Underwater Data Centers: Pushing the Limits of Data Center Innovation

Sept. 27, 2018
Is Microsoft’s underwater data center project brilliant or crazy? Also, are there other examples of “outside the box” data center innovation that bear watching? Our Executive Roundtable weighs in.

Today we continue our Data Center Executive Roundtable, a quarterly feature showcasing the insights of thought leaders on the state of the data center industry, and where it is headed. In today’s discussion, our panel of experienced data center executives – Jack Pouchet of VertivBASELAYER‘s Samir Shah and Erich Sanchack of Digital Realty – discuss design innovation in the data center sector, especially Microsoft’s deployment of an underwater data center.

The conversation is moderated by Rich Miller, the founder and editor of Data Center Frontier.

Data Center Frontier: Microsoft is deploying underwater data centers. Is this brilliant or crazy? Also, are there other examples of “outside the box” data center innovation that bear watching?

JACK POUCHET, Vertiv

Jack Pouchet: Brilliant for sure, albeit less than practical for most businesses. As a big fan of innovation, this does help push the design envelope for data centers. I do wonder if the next step is to just bury the data center in the ground. In most of the world, once you are 6 to 10 feet below the surface, the ground temperature is a stable 50 to 55°F. At least with an underground facility you can easily provide access shafts and tunnels. I’m not talking a cave here. There are plenty of those. I am suggesting you bury the entire container, leaving just an access shaft for IT / Facilities personnel.

I recently toured a dome-based data center in Portland at the OHSU campus. Now that is not something you see every day. It fully embraces the laws of thermodynamics using them to its advantage for airflow management.

I do believe we will continue to see further innovation around the edge. These applications often require some clever thinking, whether it is for applying IT to a fish farm off of New Zealand, something as mundane as the POS and inventory systems at a gas station, or outfitting 20 to 40 compute nodes in a high-rise building. Perhaps some of the innovations we are seeing in large data centers will lead to new solutions for the edge.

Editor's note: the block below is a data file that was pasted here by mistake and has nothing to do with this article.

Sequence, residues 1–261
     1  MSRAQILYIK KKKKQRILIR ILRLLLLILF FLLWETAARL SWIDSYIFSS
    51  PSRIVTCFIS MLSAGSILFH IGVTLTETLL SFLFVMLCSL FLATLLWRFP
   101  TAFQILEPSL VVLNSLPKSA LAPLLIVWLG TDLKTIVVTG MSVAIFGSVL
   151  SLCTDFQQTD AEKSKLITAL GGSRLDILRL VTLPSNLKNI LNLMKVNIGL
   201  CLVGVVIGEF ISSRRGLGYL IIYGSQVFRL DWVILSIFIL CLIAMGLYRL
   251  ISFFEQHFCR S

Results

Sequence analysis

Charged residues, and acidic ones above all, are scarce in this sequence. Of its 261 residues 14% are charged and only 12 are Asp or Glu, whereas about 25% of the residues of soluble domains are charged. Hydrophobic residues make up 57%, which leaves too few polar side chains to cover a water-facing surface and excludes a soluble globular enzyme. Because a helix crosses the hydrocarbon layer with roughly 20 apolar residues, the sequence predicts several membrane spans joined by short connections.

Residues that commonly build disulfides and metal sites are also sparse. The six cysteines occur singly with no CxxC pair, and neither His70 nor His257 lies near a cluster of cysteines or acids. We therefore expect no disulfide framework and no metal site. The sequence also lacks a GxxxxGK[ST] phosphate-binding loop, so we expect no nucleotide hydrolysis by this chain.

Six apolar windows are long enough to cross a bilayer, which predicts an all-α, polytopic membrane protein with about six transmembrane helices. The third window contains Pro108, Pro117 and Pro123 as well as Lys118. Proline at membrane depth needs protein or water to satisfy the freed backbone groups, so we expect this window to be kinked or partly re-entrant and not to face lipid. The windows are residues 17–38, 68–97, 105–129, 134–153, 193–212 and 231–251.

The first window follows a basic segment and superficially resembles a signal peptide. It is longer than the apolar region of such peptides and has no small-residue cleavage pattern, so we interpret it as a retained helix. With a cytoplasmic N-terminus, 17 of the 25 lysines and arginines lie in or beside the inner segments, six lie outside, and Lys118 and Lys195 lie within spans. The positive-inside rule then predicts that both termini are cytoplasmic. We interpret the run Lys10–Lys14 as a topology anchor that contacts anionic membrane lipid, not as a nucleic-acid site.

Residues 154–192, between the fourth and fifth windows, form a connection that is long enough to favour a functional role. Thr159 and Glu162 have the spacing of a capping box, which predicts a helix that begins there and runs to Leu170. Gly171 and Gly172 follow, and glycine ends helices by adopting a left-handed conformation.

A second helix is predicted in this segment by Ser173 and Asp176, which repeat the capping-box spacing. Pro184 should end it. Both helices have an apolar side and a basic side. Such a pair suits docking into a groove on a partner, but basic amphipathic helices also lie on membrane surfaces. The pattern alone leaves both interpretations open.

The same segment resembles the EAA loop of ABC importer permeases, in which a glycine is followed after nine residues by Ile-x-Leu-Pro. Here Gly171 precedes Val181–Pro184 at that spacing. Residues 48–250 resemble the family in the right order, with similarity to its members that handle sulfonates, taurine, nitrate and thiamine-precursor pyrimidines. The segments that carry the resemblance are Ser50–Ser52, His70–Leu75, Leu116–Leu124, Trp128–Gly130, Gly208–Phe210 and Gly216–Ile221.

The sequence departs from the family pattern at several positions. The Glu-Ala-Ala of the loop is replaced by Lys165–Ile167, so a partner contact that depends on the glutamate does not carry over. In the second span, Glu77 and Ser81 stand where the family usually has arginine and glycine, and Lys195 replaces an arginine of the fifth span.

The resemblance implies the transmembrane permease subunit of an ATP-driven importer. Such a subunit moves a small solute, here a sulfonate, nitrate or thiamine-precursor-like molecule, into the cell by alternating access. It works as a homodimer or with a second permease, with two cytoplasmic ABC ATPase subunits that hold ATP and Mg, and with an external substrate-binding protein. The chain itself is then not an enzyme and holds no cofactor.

ERICH SANCHACK, Digital Realty

Erich Sanchack: Microsoft is an extremely innovative company moving the data center market’s knowledge forward rapidly with prototypes like this. While we do see that there are risks associated with underwater data centers from a widespread, commercially-scalable perspective, we do believe there will be more shaping of the definition of the operating requirements as new cooling options are presented to the market.

In terms of what they are able to learn, and share, regarding advanced power, cooling, structural considerations and other key data center issues, it’s a very bold and laudable endeavor and something we are eager to learn more about as it progresses.

We do think that it puts a spotlight on one of the most critical issues we face as an industry, with regards to how to cool increasingly dense racks. We anticipate that, over time, air-cooled systems will be phased out and there will be a return to water. We are actively transitioning air cooling to water across our portfolio, at both the storage and chip levels, and using them to cool individual racks of up to 90kWh. From a sustainability standpoint, taking maximum advantage of reclaimed water used in closed systems allows us to advance these initiatives with minimal impact to the environment.

Samir Shah, VP of Product Management, BaseLayer

Samir Shah: By deploying a modular and scalable data center underwater, Microsoft is not only utilizing deep-water cooling, but also solving the problem of finding space close to the end users as nearly half of the population resides within 125 miles of oceans, seas, and lakes. It’s a brilliant idea that solves space, cooling, latency, and sustainability problems of present and future.

Project Natick leverages artificial intelligence and machine learning to monitor and operate, and the same innovation can be applied to land-based data centers and help progress the industry in terms of lights out facilities.

From our view, Microsoft’s project pushes the limits of how we build, deliver, and maintain our critical data center infrastructure. In this regard, Microsoft should be applauded for their willingness to “push the envelope” as it relates to enterprise class data centers. From our perspective as a modular data center provider, we see innovation come through in many different aspects of the data center, none more apparent than in the alternative energy integrated with the power distribution. This includes many use cases which integrate natural gas fuel cells, solar arrays, and direct-to-grid deployments. Liquid cooling, underground data center, and cryptocurrency mining data centers are other out-of-the-box designs that we’ve seen gaining traction in recent years.

RECAP: Check out the full series of Data Center Frontier’s Executive Roundtable. 

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About the Author

Rich Miller

I write about the places where the Internet lives, telling the story of data centers and the people who build them. I founded Data Center Knowledge, the data center industry's leading news site. Now I'm exploring the future of cloud computing at Data Center Frontier.

Courtesy of Stream Data Centers

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